Have you ever wanted to find out who is logged onto your Mac? Perhaps you have a multi-user system, or have SSH enabled; either way, you might need to know who is logged in. This simple Terminal command can tell you very easily. Simply head to the command line and type in who. In a blink of an eye, the system will return a list of all the users currently logged on and what date and time they logged in. Pretty nifty, huh?
Cat is a simple way to view the contents of a file. The name is short for “concatenate and display files.” Let’s say you have a file called “test.txt” in your working directory. You think you can delete it, but you’re not sure what the contents of the file are.
Sometimes it may be necessary for you to run a command as an administrator. If you were to get an error like “Error: Insufficient privileges,” just type the sudo command before the command you were actually trying to type. This will in turn cause Terminal to ask you for your password to authenticate you as an administrator.
The sudo command is needed for things like chmod, MacPorts, and other administrative tasks.
Control + C is a way to tell a running command line-based program to quit and return you back to the command line prompt. So, if you were running a ping or other command line tool, just press Control + C to get back control.
We saved the best and easiest for last. By now, you’ve no doubt tried many of the commands, but this can leave your Terminal command rather busy with text flowing here and there. If you want to get rid of all the previous commands and outputs being displayed on the screen, simply enter clear followed by the enter key. This will wipe your Terminal screen clean, ready for you to type more commands.
Here at Mac|Life headquarters, we believe that sharing is caring. That's right: every bit of news that we could possibly want our colleagues to be privy to, we shout it out loud from the industrial-sized soapboxes stashed away under our desks. And when we can't physically make proclamations here at the office, we do so with our Macs and iOS devices on the go. In this edition of Free App Friday, we're featuring three apps that'll help you get the word out about whatever it is you've got going on, and keep you in the know about your neighbor's agenda, too.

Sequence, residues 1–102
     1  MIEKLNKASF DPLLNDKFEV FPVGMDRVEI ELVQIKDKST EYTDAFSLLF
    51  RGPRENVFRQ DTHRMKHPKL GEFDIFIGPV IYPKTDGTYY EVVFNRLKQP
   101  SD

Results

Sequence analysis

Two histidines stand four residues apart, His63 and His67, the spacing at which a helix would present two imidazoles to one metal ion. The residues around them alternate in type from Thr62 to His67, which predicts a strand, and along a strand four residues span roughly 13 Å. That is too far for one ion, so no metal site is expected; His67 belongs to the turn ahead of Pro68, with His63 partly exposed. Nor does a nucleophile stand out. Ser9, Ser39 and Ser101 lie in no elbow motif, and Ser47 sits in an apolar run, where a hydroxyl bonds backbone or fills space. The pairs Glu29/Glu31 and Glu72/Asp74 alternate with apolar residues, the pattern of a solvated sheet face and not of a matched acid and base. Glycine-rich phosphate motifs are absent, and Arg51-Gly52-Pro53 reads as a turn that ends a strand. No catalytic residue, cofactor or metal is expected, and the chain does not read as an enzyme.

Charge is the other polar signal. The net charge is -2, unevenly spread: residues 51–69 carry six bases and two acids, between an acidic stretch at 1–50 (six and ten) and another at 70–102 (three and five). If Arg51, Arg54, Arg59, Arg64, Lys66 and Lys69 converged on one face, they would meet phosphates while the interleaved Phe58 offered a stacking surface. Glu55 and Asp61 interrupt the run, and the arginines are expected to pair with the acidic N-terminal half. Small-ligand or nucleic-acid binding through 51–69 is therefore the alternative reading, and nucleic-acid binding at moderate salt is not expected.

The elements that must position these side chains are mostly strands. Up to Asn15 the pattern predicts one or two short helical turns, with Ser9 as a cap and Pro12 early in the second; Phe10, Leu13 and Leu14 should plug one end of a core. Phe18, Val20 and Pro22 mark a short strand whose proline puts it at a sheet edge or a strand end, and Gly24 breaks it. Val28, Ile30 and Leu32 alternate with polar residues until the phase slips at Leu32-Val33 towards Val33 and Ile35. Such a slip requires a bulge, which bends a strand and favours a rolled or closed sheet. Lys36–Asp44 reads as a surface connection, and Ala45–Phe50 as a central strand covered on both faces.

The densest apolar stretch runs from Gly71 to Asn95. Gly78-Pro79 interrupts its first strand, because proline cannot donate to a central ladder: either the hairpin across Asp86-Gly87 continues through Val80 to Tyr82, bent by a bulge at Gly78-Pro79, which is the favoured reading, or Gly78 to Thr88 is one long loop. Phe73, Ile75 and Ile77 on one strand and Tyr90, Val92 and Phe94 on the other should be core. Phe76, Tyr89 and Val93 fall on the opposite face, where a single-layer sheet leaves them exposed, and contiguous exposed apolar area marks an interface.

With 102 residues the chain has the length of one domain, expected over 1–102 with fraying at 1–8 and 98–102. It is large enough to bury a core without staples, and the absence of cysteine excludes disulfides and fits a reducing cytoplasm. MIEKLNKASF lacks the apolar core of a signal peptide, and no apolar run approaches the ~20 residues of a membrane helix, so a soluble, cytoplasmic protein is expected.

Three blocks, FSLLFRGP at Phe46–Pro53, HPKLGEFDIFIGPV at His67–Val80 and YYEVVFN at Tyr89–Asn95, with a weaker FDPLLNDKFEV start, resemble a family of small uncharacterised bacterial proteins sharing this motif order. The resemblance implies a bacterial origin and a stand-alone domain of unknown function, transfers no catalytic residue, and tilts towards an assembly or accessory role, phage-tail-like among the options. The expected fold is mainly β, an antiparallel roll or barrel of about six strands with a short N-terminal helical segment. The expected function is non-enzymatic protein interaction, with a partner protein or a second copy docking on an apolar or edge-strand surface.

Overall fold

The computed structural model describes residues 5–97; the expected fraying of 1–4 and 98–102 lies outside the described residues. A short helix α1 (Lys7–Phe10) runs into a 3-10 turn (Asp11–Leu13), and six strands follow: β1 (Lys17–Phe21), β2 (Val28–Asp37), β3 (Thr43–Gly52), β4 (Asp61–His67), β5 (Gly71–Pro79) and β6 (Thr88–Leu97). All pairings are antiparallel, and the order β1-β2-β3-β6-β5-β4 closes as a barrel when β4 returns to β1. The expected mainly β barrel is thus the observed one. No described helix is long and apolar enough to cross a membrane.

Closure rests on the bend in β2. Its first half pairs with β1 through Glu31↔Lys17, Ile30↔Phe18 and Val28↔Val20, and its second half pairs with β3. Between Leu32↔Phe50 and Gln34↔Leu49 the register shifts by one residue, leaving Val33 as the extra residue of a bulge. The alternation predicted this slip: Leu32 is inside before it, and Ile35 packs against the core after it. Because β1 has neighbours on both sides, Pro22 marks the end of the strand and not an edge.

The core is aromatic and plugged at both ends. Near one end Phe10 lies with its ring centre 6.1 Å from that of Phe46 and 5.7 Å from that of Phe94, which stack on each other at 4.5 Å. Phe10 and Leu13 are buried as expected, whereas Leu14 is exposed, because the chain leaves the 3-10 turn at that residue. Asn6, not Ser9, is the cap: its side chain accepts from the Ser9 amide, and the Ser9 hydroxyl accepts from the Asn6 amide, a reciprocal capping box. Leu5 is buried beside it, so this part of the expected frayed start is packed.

Today, Apple released software updates for both iMovie and iDVD to improve the overall quality and stability of the two applications. The iMovie 9.0.2 update fixes an issue that could cause audio playback to be out of sync and is recommended for all users of iMovie '11, while iDVD 7.1.1 update includes an update that ensures compatibility when sending slideshows from iPhoto '11 to iDVD. You can update your system from the Software Update option in your menu bar or from Apple's official site.
SSH (or Secure Shell) is a great service to enable on your Mac at home or work. This useful tool not only enables the ability to remotely access the command line interface of your Mac, but also to remotely access your files through a secure FTP (SFTP) connection, which gives you the ability to transfer files at will. Read on to find out how to transfer files between your own computers over a secure network connection using any modern FTP program.
It’s a love/hate relationship with you, MobileMe. When you work, you’re so wonderfully effortless we forget you’re there. Maybe that’s the problem -- because when you don’t, the pain you can wreak on our calendars and contacts is pretty unforgettable. So if you have a computer or iOS device that’s giving you the MobileMe blues, we can help.
It’s the bane of every serious music fan: the iTunes library. Even with Home Sharing, keeping your jams flowing smoothly between different computers with different iTunes accounts requires a lot of fiddling. So the easiest solution is to purchase an AirPort Extreme and a NAS (short for “network attached storage”) drive, keep your library on the NAS, and use MediaRover to make sure all your computers use that one central library. Here’s how…